And it would have been great if those ratings were for a show that challenged Trump in any way or made some attempt at, you know, actual satire. But after white-knuckling my way through the episode on Hulu, it became clear pretty quickly that the show didn’t do any of that.

At best, SNL put on a weak show and enabled Donald Trump to look cutesy and harmless to thousands of viewers who might not realize the despicable things he advocates. At worst, it outright encouraged both Trump and the viewers of the show to laugh off and ignore the candidate’s very much deserved reputation as a bigot.

What’s especially disheartening is that this was even allowed to happen in the first place. Remember that not long ago, NBC declared it was barring Trump from appearing on its network because of his ugly comments about Latinos. That was back when Trump was nothing but an obnoxious sideshow that we all expected to eventually slink away like he did in the last election cycle. But then several months passed, and the controversial candidate turned into a media spectacle and guaranteed ratings generator, and the network suddenly changed its tune.

Funny how that happens. Too bad the show wasn’t also funny.

The closest the episode got to mustering up any sort of takedown was during “Weekend Update.” First, the boorish and pathetic Drunk Uncle was presented as Donald Trump’s biggest supporter. Then Michael Che offered the only truly direct jab of the night, when he joked about being suspicious whenever old white men like Trump talk about “the good old days” because, “My Negro senses start tingling. After all those years of progress, Trump’s gonna go, ‘I think we had it right the first time.’” But even Che looked nervous to have stepped out that far, and after that the show retreated to toothless ribbing.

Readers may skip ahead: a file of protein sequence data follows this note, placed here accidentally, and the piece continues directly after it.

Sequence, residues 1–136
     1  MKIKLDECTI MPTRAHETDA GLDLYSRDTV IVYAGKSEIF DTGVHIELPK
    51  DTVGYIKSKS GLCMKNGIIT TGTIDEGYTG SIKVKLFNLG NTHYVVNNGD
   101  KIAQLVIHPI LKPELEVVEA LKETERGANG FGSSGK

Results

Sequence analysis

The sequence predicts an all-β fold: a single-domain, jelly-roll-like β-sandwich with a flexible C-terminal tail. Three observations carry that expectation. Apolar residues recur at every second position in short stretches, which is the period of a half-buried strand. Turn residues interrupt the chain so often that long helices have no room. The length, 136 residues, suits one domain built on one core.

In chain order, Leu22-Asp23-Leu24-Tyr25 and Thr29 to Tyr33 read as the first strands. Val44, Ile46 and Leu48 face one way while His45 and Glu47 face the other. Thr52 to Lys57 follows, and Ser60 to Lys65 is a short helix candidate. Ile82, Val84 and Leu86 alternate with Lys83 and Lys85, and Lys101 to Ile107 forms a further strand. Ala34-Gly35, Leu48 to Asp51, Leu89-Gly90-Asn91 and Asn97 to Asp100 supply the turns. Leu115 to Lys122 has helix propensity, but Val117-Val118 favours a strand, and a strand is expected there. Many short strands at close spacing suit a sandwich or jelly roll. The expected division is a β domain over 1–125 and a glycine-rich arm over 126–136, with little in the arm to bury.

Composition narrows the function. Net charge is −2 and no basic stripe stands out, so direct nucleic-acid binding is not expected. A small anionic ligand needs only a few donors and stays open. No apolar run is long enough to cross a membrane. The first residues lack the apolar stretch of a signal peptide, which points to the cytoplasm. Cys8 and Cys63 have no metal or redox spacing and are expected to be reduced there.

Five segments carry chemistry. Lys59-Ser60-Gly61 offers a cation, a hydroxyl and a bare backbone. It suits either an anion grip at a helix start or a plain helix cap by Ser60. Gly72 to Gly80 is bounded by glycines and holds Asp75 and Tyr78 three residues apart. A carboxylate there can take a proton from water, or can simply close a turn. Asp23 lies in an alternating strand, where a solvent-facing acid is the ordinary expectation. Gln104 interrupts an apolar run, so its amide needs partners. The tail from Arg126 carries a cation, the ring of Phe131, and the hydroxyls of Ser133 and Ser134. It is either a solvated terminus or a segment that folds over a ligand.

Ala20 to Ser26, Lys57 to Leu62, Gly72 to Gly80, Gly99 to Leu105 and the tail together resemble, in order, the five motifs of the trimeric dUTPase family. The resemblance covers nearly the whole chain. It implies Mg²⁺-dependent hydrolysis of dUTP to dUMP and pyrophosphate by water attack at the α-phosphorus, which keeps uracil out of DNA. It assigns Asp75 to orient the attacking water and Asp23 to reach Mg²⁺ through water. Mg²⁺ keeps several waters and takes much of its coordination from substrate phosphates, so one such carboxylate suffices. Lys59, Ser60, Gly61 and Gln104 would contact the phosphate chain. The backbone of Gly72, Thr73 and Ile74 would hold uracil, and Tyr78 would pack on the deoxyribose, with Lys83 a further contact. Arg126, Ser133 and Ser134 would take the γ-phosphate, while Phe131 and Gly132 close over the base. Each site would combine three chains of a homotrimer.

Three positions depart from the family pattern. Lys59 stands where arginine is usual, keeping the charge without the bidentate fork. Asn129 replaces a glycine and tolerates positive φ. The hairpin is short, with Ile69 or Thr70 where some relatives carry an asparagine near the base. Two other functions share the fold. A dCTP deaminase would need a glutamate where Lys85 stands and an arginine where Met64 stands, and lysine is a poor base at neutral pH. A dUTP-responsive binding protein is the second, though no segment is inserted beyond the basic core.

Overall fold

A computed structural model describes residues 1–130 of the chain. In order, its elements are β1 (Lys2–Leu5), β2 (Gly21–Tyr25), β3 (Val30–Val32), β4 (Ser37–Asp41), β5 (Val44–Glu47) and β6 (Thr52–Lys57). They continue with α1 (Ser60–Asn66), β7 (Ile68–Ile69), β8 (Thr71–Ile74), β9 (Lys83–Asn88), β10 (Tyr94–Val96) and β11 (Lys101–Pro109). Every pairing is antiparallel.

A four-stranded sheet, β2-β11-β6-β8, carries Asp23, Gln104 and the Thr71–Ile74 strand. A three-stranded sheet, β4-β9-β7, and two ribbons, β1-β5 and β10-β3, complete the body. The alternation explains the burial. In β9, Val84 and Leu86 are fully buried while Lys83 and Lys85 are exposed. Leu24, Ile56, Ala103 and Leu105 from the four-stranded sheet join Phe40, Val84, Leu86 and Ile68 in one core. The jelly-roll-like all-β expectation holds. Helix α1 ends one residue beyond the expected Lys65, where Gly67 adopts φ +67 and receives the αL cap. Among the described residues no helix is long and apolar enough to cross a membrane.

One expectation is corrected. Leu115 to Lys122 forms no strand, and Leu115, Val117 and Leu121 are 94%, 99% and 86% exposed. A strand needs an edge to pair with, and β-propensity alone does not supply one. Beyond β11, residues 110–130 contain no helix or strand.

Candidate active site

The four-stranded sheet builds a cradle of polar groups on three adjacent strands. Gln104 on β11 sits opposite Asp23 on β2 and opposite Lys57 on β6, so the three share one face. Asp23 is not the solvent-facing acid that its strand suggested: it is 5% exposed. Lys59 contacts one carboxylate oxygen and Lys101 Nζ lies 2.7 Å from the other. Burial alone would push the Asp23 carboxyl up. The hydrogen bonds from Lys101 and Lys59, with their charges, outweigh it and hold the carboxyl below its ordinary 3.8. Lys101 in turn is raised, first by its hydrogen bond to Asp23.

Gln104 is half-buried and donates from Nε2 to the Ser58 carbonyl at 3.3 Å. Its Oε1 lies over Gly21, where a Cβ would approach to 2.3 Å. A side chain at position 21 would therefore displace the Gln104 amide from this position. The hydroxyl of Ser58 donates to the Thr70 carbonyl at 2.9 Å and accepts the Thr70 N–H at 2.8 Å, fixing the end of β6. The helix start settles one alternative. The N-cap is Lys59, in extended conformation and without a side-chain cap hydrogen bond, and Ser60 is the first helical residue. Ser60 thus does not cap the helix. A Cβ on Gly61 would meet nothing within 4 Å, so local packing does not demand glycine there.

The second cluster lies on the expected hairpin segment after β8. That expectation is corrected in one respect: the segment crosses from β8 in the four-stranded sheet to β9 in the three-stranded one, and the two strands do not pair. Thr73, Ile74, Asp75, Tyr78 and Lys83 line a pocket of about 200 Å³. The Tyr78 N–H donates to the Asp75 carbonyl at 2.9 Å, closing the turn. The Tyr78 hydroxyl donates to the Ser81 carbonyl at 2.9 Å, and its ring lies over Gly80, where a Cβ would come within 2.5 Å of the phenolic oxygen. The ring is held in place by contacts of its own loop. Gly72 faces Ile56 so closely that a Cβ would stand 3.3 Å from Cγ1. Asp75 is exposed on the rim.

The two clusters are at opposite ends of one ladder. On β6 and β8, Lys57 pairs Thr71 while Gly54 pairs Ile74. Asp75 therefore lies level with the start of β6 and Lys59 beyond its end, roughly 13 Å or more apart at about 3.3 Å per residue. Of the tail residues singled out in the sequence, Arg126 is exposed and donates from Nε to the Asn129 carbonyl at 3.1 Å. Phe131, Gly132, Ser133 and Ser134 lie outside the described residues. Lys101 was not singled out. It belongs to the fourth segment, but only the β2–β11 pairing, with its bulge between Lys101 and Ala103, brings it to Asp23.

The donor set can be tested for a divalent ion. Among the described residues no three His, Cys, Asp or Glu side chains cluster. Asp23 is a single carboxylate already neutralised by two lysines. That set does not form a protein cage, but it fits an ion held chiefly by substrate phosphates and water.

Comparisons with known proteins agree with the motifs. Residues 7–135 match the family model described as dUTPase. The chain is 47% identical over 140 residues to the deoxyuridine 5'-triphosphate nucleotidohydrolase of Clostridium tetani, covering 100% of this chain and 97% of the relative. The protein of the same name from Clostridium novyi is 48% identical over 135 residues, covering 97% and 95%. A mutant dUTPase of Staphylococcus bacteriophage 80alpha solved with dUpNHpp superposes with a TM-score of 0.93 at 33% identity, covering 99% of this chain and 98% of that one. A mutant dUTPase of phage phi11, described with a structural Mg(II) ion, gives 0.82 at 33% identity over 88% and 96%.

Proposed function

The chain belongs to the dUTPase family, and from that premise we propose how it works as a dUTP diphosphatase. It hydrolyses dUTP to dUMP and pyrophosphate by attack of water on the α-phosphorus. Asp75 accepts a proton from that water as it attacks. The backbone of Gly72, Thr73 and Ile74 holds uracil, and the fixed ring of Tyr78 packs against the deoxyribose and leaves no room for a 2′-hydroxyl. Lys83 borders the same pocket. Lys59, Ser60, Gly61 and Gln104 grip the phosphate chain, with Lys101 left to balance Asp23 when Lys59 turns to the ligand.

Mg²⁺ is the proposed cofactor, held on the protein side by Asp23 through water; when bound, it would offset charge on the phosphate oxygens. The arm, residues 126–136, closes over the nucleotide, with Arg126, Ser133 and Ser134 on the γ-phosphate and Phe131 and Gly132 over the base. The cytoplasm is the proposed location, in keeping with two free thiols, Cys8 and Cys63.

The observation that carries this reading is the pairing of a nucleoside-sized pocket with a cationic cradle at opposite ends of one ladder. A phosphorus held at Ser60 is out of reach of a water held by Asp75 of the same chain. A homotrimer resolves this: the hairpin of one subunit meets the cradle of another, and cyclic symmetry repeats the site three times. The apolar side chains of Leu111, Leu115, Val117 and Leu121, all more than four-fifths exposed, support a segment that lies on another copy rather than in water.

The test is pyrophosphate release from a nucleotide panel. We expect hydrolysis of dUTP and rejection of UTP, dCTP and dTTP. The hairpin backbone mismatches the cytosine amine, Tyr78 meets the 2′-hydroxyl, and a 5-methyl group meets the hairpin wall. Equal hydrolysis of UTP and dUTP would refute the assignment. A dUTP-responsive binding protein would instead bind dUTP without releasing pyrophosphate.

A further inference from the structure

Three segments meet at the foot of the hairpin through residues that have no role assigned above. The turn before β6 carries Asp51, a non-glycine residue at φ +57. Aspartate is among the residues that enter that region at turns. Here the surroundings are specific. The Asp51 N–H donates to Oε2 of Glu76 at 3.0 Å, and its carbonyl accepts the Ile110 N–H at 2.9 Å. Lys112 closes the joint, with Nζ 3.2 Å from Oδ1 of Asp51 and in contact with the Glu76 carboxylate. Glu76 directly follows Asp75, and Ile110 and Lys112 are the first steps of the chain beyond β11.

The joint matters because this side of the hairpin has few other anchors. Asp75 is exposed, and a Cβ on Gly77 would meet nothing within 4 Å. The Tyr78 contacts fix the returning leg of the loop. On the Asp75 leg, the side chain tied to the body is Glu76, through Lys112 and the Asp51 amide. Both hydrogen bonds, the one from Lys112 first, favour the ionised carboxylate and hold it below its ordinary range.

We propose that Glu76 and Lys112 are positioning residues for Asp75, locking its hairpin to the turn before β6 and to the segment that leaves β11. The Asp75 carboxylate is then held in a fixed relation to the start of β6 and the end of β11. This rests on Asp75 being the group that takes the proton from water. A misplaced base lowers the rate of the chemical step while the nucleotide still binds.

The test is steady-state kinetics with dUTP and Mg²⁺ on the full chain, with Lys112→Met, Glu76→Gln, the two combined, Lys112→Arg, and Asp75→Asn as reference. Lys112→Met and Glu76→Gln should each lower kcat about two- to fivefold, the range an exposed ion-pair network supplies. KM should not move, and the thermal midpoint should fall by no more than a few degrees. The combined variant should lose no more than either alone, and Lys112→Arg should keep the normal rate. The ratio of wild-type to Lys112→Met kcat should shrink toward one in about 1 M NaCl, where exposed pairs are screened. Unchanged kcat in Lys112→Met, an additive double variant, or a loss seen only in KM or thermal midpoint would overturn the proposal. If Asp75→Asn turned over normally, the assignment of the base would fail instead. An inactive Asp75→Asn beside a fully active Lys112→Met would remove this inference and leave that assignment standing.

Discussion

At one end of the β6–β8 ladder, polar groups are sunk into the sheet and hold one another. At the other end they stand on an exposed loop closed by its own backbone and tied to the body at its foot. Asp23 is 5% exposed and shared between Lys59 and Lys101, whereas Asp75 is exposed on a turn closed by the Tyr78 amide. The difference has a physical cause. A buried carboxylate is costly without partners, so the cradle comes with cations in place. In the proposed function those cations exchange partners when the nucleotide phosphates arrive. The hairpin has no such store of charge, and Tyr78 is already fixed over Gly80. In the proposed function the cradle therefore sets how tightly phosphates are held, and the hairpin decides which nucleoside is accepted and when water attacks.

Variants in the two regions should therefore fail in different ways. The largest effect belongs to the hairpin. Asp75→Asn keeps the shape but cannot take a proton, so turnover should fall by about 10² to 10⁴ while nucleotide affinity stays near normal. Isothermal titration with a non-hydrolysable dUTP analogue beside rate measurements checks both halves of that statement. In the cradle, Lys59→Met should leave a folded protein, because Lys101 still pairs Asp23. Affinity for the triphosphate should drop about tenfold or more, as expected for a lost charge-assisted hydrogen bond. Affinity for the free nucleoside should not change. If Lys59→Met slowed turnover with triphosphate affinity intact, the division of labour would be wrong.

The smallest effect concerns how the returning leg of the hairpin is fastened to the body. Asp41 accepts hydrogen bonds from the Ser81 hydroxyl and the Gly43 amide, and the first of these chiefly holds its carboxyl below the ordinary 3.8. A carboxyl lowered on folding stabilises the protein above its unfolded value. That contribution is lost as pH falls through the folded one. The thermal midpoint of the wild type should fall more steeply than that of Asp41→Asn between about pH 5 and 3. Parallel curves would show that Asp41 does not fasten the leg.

The most bizarre sketch to air was one in which Trump and several cast members acted out Trump’s hypothetical first days in office. In Trump’s America, the sketch goes, ISIS is defeated, Putin driven out of Ukraine, and Mexican president Enrique Peña Nieto pays Trump personally for a border wall constructed between the U.S. and Mexico. I kept waiting for the punchline that never came. I guess you could say that the joke was supposed to be that all these goals of Trump’s are ridiculous fantasy, but you’d have to already agree with that point of view to read it into the sketch. The subtext was barely there, if there was any at all. The sketch ended up doing nothing but allow Trump to literally play out a wish-fulfillment fantasy and give a stump speech disguised as “comedy.”

The most upsetting moment of the night came in the first four minutes. During Trump’s opening monologue, a husky voice yells from the crowd, “Trump’s a racist!” It turns out the “heckler” is Larry David, who when asked why he interrupted, says, “I heard if I yelled that, they’d give me five thousand dollars.”

Ha ha!